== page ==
Featured Research

from universities, journals, and other organizations

Low Power, Highly Reliable, Wireless, Infrared Local Area Networks Demonstrated

Date:
July 25, 2001
Source:
Penn State
Summary:
Penn State engineers have shown that broadband, wireless, indoor, local area communication networks that rely on non-line-of-sight infrared (IR) signal transmission can offer low error rates as well as safe, low – below one Watt – power levels.

University Park, Pa. --- Penn State engineers have shown that broadband, wireless, indoor, local area communication networks that rely on non-line-of-sight infrared (IR) signal transmission can offer low error rates as well as safe, low – below one Watt – power levels. Dr. Mohsen Kavehrad, professor of electrical engineering and holder of the W. L. Weiss (AMERITECH) chair, says, "Line-of-sight or point-to-point infrared signal transmission, which is used, for example, in television remote controls, is highly efficient at low power levels but suffers from the need for alignment between the transmitter and receiver. If someone ‘shadows' or blocks the remote control beam while you're trying to change the channel, the signal can't get through.

Related Articles


"On the other hand, non-line-of-sight transmission, which uses a broad diffuse beam, suffers less from shadowing but usually forfeits the power efficiency, broadband and low error rate values that infrared transmission can offer." Now, however, Kavehrad and his colleagues at Penn State's Center for Information and Communications Technology Research have developed a new link design that uses a multi-beam transmitter with a narrow field of view receiver. The system has a bit-error rate of only one error per billion bits and uses milliwatt transmitted power levels. Kavehrad says, "This error rate is unmatched considering the offered transmission capacity." The Penn State researcher detailed the system Sunday, July 22, at the Fifth World Multi-Conference on Systemics, Cybernetics and Informatics SCI 2001 meeting in Orlando, Florida. His paper, "Some Recent Advances in Indoor Broadband Infrared Wireless Communications," is co-authored by Dr. Svetla Jivkova, research associate. To use the Penn State signaling scheme, for example, to form a local area network for a group of computers in a room, each machine is equipped with a low power infrared source and a holographic beam splitter. The original low power beam is separated into several narrow beams, which strike the ceiling and walls at points that form an invisible grid throughout the entire volume of the room. Because the beams are also reflected at each of the strike points, they can be used to send or receive information. Since the beams created by the splitter are narrow, narrow field-of-view receivers are used. Using a narrow field of view receiver makes it easier to filter out noise. In addition, receivers consisting of more than one element can insure continued coverage when some of the transmitter beams are blocked. Kavehrad notes, "Others have attempted to develop local area networks with radio frequencies. However, indoors, radio frequencies can pose a radiation hazard."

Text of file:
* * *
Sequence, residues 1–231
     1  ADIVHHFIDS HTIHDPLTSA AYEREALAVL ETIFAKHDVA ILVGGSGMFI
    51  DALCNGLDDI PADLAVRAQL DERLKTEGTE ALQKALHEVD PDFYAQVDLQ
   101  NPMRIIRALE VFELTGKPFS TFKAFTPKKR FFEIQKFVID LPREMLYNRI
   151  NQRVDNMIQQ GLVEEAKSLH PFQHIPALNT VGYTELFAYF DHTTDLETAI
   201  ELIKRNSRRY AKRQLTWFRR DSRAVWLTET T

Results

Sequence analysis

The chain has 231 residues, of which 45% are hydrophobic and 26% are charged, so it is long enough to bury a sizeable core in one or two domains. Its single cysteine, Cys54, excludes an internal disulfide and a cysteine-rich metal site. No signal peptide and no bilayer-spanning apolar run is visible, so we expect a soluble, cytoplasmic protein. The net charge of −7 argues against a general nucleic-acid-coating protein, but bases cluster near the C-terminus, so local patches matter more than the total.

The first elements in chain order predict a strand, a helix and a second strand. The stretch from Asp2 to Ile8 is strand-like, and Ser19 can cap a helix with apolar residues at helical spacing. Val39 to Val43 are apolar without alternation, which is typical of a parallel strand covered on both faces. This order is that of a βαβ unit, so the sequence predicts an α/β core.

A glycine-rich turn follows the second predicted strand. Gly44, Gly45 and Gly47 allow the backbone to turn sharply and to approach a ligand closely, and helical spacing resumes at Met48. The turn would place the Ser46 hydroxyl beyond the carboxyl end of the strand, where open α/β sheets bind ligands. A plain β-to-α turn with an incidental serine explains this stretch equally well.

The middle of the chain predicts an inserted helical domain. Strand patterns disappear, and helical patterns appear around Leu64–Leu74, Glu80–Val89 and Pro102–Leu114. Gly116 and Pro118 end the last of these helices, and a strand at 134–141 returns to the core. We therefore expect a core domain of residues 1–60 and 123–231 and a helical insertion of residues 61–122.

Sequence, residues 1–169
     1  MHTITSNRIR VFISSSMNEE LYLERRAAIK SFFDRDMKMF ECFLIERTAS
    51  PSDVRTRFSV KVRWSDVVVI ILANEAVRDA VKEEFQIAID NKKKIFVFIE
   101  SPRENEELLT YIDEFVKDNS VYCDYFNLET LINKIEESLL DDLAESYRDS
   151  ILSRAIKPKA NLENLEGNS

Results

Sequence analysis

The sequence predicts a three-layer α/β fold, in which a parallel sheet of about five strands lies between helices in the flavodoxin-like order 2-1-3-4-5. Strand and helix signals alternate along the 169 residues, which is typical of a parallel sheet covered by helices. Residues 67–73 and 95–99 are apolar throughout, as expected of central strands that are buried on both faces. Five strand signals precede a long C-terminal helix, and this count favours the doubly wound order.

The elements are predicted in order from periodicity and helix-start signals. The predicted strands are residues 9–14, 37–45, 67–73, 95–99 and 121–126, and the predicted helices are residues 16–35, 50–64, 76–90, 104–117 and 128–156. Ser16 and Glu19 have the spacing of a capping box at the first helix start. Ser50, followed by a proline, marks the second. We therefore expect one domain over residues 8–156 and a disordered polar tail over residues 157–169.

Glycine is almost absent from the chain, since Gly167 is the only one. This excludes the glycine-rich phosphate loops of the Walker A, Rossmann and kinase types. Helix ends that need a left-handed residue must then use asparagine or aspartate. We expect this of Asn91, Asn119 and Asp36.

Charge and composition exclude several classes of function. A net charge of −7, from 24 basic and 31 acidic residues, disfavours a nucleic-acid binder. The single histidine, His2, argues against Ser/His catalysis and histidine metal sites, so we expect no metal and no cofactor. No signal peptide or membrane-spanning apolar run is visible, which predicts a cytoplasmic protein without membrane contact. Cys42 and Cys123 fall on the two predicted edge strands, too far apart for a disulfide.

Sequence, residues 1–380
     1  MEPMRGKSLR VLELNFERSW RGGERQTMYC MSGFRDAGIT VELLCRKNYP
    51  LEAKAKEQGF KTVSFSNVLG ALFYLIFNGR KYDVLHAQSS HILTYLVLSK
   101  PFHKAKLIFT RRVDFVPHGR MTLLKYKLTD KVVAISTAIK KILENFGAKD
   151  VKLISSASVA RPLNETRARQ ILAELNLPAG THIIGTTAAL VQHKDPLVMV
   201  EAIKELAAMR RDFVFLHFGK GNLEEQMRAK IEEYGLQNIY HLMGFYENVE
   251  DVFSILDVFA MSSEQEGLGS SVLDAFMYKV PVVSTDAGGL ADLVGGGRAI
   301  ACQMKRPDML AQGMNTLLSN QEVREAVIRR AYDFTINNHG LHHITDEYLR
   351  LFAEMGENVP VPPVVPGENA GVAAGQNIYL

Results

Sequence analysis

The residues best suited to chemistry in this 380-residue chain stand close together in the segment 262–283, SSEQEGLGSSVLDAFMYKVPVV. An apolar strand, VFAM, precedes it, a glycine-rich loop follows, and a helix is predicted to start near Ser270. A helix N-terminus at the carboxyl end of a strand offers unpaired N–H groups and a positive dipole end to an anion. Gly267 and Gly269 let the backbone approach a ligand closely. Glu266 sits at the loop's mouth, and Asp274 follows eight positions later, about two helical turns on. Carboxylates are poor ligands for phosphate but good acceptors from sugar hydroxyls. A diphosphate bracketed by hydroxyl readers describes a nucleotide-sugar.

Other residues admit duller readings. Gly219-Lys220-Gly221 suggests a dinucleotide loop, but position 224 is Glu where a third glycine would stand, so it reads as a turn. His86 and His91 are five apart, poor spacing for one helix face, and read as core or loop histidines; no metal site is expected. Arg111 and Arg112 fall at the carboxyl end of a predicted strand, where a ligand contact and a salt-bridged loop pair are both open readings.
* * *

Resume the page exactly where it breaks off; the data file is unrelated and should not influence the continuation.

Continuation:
"Infrared signals, on the other hand, pose no such hazard, especially at the low powers used by our system. However, since the sun is an infrared emitter, as well as fluorescent and incandescent bulbs, light coming in through windows or from artificial lighting can add background noise to the system. This noise, to some extent, can be filtered at the receivers." The Penn State team developed a framework for computer simulation under which properties of room, transmitter and receiver are quantified. Using the simulation results, they showed that the system has a bit-error rate of only one error per billion bits in 99 percent of the coverage area at bit rates up to a few hundred megabits per second. In addition, the system uses transmitted power levels well below one Watt.